US bakery must make gay wedding cakes: court

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In the latest victory for gay rights, an appeals court ruled Thursday that a Colorado baker cannot refuse to sell wedding cakes to same-sex couples because it goes against his religious beliefs.

The decision comes nearly two months after a landmark Supreme Court decision legalized gay marriage across the United States.

Masterpiece Cakeshop has joined a growing number of businesses successfully sued for discriminating against gay couples.

However, businesses in more than half of the United Sates are still legally allowed to refuse gay customers because 29 states don’t prohibit discrimination based on sexual orientation.

Charlie Craig and David Mullins filed a complaint under Colorado’s anti-discrimination laws when baker Jack Phillips told them in 2012 he wouldn’t make them a cake due to his religious beliefs.

The state did not recognize gay marriage at the time, but did prohibit discrimination based on sexual orientation.

Phillips argued that being required to make wedding cakes for gay couples violated his right to freedom of religion and free speech.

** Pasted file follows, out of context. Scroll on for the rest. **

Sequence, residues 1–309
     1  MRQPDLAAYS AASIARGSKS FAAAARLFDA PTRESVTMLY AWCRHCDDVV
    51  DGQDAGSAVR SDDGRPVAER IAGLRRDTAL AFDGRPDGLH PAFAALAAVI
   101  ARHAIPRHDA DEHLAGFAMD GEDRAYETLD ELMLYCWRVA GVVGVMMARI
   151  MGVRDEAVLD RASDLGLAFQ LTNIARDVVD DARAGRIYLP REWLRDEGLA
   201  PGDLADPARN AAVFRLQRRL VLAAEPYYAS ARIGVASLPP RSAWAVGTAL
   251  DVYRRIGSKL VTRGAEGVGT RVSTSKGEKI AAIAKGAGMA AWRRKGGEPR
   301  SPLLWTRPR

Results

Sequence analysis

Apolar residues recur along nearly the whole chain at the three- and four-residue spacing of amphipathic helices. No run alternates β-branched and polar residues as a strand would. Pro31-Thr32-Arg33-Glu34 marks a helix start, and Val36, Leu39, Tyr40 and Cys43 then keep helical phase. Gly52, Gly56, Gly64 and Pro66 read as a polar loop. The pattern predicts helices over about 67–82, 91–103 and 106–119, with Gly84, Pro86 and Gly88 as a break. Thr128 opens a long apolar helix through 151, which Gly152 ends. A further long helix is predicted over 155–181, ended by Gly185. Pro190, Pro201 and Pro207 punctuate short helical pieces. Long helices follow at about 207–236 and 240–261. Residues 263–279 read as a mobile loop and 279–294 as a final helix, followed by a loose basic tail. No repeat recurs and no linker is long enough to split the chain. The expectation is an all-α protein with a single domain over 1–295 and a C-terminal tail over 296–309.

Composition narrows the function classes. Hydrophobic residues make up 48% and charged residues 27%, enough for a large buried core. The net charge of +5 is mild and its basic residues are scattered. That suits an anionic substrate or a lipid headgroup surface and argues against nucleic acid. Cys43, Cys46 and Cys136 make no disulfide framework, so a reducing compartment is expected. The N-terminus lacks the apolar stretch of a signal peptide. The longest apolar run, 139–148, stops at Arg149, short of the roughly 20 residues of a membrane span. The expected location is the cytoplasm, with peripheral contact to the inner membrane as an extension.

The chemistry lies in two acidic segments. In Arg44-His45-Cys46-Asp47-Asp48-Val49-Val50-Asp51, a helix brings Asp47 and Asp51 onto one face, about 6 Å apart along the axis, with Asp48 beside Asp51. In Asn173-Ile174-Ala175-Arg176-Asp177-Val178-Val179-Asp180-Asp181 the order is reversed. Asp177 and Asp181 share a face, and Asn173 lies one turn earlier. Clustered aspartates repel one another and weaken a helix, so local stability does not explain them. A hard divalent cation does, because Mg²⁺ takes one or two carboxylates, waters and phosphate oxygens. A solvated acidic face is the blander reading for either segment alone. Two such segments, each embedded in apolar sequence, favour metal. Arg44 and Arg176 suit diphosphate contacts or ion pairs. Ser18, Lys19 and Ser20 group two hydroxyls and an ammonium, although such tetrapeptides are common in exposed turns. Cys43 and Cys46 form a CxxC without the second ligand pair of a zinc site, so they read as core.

The state’s appeals court disagreed, arguing in a 66-page ruling that requiring someone to comply with the law is not the same as compelling someone to “endorse” something they don’t agree with.

“Masterpiece remains free to continue espousing its religious beliefs, including its opposition to same-sex marriage,” the court ruled.

“However, if it wishes to operate as a public accommodation and conduct business within the state of Colorado, CADA (Colorado Anti-Discrimination Act) prohibits it from picking and choosing customers based on their sexual orientation.”

An Oregon bakery was ordered to pay $135,000 in damages last month after refusing to bake a cake for a 2013 same-sex wedding.

The case which helped bring the issue to national attention was that of a New Mexico wedding photographer who refused a lesbian couple in 2008 and tried to say her right to artistic and religious freedom should trump the state’s anti-discrimination laws. The Supreme Court declined to hear her appeal in 2014.

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